A Member of the MOB

A friend of mine recently gave birth to her first baby, a boy. I was inordinately excited not only because it was a long-awaited child but also, I soon realised, because she’d had a boy.

“Welcome to the MOB!!” I exclaimed excitedly in an email reply to her announcement.

Mothers Of Boys. We’re a unique…um…mob. I’m sure mothers of only girls have their unique challenges too but there’s something about being the one outnumbered in the household gender stakes that makes life more interesting. (Any fathers of girl-only households reading this are welcome to write their own blog post perspective.)

It’s quite possible that my friend, down the track, may become a Mother Of Boys And Not Boys but for the time being she is a part of the club. A club in which I am a more-than-paid-up member.

A Member of the MOB

A Member of the MOB

After my first two boys were born and I was pregnant with my third child, I lost count of the number of people who asked “So, are you hoping for a girl?” It got a bit boring so I took to looking at the enquirer in horror and saying, “Oh, goodness, no! Why would I want one of those? I wouldn’t know what to do with one.” (I still don’t.)

Do I sometimes wonder what it would have been like to have a daughter? Of course. Do I ever wish one of my boys had been a girl? Never.

Besides, from listening to my girlfriends, bonding time with daughters seems to mainly involve clothes shopping. I’d rather be poked in the eye with a blunt stick (I believe it’s more painful than a sharp one). Give me a Joss Whedon movie outing with my boys any day.

In the hospital, after the birth of my third son, a cleaner told me that when my children were teenagers, I’d be glad I had boys. I held on to that promise through the years of small boys running amok in playgrounds, picking up any remotely pointed object to be used as a weapon, through the three-year-old penis obsessions and the pre-teen biffo and insults. And now, with two teenagers and one on the cusp, I can honestly say she was right. As I watch mothers of teenage girls struggle with the hormonal nastiness, psychological bullying and body image issues, the full-on early boyhood years seem worth it. Boys – my boys at least – are so much more straightforward. Well, as straightforward as parenting any teenager can be.

I can’t wait for the possibility of a cuddle with this newest member of the male race and to recall those thrice-heard words,

it's a boy



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The Good Enough Mother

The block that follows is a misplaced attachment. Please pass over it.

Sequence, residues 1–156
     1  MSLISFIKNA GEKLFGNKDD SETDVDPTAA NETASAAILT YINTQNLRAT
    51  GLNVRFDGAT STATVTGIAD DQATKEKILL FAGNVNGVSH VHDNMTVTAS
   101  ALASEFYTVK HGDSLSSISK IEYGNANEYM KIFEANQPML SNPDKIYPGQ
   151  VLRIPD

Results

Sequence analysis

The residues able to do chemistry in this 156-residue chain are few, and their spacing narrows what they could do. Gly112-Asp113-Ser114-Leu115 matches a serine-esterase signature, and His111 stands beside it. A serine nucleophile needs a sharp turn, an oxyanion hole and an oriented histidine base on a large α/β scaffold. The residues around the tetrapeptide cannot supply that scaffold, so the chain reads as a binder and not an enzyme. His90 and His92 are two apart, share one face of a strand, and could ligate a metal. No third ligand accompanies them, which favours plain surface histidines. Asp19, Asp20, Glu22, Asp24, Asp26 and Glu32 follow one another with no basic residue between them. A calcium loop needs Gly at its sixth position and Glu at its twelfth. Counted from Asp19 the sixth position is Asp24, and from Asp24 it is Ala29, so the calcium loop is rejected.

I was asked earlier this week if my youngest son (aged 12) would talk about what his mum means to him at church on Sunday (Mother’s Day). Being well aware of my deficiencies as a parent, this was a decision fraught with danger.

I said yes. People who know me are aware I have difficulty with the alternative response.

On Wednesday, he got into trouble for being late to his piano lesson because he wouldn’t get off the computer.

On Thursday, I sent him to school in his school uniform, forgetting that it was Colonial Era dress-up day.

On Friday, I forgot to go to assembly and his class was performing “Everything Is Awesome”. (No, I did not do it on purpose!)

On Saturday, I was grumpy with him because his Fruit Company piece of technology (which I abhor) wouldn’t charge and he wanted it fixed. With a million and one other things I needed to get done, the last thing I wanted was to run around town trying to work out how to get it repaired.

Supervision of the task of what he was actually going to say at church was given to his father. He reported that it was like pulling teeth.

It did not bode well.

So, naturally, when he stood up in church to speak, I was nervous.

Here’s what he said:

My mum is really caring. She cares for me, my brothers and my friends when they come over to play.

She is good at cooking and makes sure we eat lots of good things and not junk food.

When I am sick, she always knows what to do and helps me get better.

She helps me with my homework and helps me to prepare and make things when I need them for school.

She supports me when I do things at school like coming to watch me do Cross Country.

She helps me to make good decisions when I buy things to make sure I don’t waste my money.

She takes me to swimming and piano and helps me when I get stuck doing practice.

She is a really good example to me because she cares for other people, particularly those less fortunate.

She is cool because she likes things like Doctor Who and other shows we watch.

She does a lot of things for other people and always says yes when they ask her.

I am lucky to have a really good mum.

Yes, yes I did cry. Just a little bit.

Maybe it’s okay to be a ‘good enough’ mum after all.

Mothers Day



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